What Can Happen to Untreated Varicose Veins?
A lot of people assume that varicose veins are just unsightly and are more of a cosmetic thing than a health condition. The truth is – untreated varicose veins can lead to life-threatening issues. In fact, the lightest of spider veins are early indicators of vein disease. For deep vein thrombosis alone (which we discuss more in this post), the Centers for Disease Control and Prevention says there could be as many as 900,000 people with the condition. Even if your varicose veins don’t hurt or cause other symptoms, you should get them checked and begin a preventive routine or treatment. If caught early enough, you can nip vein disease in the bud and never let it progress to anything serious.
Untreated varicose veins do not get better on their own. They simply will not go away unless there is intervention. While you can take preventive measures at home like wearing compression stockings, elevating your feet, and exercising more, it’s often not enough to stop the disease progression once it’s begun. In moderate cases, your veins will continue to leak and pool blood, leading to vein swelling, which gives your varicose veins that dark and bumpy appearance. Beyond that, things can and often do get worse. Here are some of the more serious complications that can result from untreated varicose veins.
Deep Vein Thrombosis
One worst-case scenario involving untreated varicose veins is deep vein thrombosis (DVT), which can become fatal. The Centers for Disease Control and Prevention says there could be as many as 900,000 people with the condition, and those with untreated varicose veins are already predisposed to superficial thrombosis, or blood clots. Without treatment, progression to DVT is possible. In DVT, a blood clot blocks circulation and can move from deeper leg veins to the lungs, resulting in a life-threatening pulmonary embolism.
Venous Ulcer Wounds
When blood flow isn’t pushed back up to your heart, it can lead to open leg sores, or venous ulcer wounds. These ulcers happen because the area is no longer getting enough blood flow. This causes a buildup of pressure in your veins and blocks your tissues from oxygen and nutrients. Cells die off, tissues are damaged, and wounds can develop. If the area around your varicose veins swells, itches, or is painful, seek medical attention as soon as possible. These ulcers usually develop on the inner leg, above the ankle.
Lipodermatosclerosis is the hardening of skin and fat tissues. It’s most common on the lower part of the legs of women over 40, and overweight patients are at greatest risk. In fact, about two thirds of people with this condition are obese. While considered rare, the condition is quite painful, with symptoms including swelling, heaviness in the legs, redness, and skin hardening. Leg discoloration will happen from blood leaking from weakened varicose veins into nearby skin and fat tissues, and leg ulcers may also form. Because of the amount of blood that is leaking, a minor cut could lead to significant blood loss.
Risk of Dangerous Bleeding
The buildup of pressure in your veins could cause them to rupture and bleed, even if you are lying down. Your veins are already weak, so the added pressure of blood backup due to venous reflux creates a recipe for a potentially serious bleed. The most susceptible veins are closest to your skin, so imagine how easy it could be to nick or cut your leg over one of those already protruding veins. By treating or removing those varicose veins, you can significantly reduce the risk of a dangerous bleed.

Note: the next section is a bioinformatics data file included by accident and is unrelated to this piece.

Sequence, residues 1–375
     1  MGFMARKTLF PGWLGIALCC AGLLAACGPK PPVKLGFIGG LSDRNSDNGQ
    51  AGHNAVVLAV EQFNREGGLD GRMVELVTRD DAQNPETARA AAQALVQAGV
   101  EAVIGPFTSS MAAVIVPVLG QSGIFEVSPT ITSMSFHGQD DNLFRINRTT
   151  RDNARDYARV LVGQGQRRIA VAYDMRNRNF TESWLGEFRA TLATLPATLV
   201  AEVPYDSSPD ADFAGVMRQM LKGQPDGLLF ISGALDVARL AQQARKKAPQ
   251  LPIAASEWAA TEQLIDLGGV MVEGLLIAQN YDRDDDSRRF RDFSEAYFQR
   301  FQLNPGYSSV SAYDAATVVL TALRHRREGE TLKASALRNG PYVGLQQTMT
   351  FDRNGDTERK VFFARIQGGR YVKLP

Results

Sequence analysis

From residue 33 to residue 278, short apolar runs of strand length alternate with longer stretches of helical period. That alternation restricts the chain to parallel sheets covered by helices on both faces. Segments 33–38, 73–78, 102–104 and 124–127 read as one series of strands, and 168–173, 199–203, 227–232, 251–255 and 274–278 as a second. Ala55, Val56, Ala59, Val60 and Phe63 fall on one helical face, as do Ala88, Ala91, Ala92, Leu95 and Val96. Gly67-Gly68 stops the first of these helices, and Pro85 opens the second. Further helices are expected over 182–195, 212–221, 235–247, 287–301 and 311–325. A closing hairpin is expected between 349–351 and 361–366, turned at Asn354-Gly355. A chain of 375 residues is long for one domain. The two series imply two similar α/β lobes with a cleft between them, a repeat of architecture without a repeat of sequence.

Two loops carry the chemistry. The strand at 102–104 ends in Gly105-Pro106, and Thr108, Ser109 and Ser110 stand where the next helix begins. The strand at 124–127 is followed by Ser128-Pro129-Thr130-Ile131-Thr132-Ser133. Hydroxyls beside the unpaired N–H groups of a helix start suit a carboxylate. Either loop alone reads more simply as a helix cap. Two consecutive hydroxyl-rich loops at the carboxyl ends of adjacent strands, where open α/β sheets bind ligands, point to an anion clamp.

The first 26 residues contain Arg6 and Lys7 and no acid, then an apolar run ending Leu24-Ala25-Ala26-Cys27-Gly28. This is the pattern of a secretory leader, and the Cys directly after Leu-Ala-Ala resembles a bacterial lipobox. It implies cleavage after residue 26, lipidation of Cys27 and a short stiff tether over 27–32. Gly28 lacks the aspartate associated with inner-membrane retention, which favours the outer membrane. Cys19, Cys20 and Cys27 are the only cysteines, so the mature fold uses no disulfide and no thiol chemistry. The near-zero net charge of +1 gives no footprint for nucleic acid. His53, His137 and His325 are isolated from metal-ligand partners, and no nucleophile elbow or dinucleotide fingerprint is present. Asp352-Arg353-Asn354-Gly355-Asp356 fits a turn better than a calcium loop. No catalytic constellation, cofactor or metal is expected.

The Good News – Treatment is Available
If any of these conditions scares you, you can relax. An ounce of prevention truly is worth a pound of cure. Varicose vein removal improves the appearance of your legs and may save your health and mobility in the long run. In most cases, insurance companies will pay for varicose vein removal, since untreated veins can lead to these serious medical problems.
One treatment most varicose vein patients benefit from is an outpatient procedure called sclerotherapy. The doctor performs a series of injections in the affected veins with a sclerosant fluid. These injections cause the vein to scar internally and collapse. It is not a painful procedure and most patients can resume their normal routine – although not heavy exercise – the following day. The number of office visits and injections vary according to the patient.
Laser ablation is an outpatient surgery that uses light energy to alter the wall inside the vein so that the vein can close. Your vein specialist will make a small incision in your skin and insert a laser-fiber catheter through the length of your vein. As the catheter is pulled out of your vein, the heat from the laser causes the vein to close and eventually absorb into your body. The surgery normally takes less than an hour and doesn’t require much post-surgical recovery.
Sometimes a complete vein removal surgery is needed. A phlebectomy is when veins that lie just beneath the skin are surgically removed via small cuts. A tiny hook is inserted to physically remove the veins, and the body will redirect blood flow to your healthy veins. This procedure does require local anesthesia and usually takes between 30 and 60 minutes to complete. Your provider will likely recommend wearing compression stockings for the next two to three weeks.
Seeking Vein Treatment
If you or someone you know would like to learn more about vein treatment, schedule a free consultation with one of our expert providers. In the meantime, check out some tips on improving your circulation to help keep your untreated varicose vein symptoms under control.
Hannah Kohut is Content Editor for Vein Treatment Forum.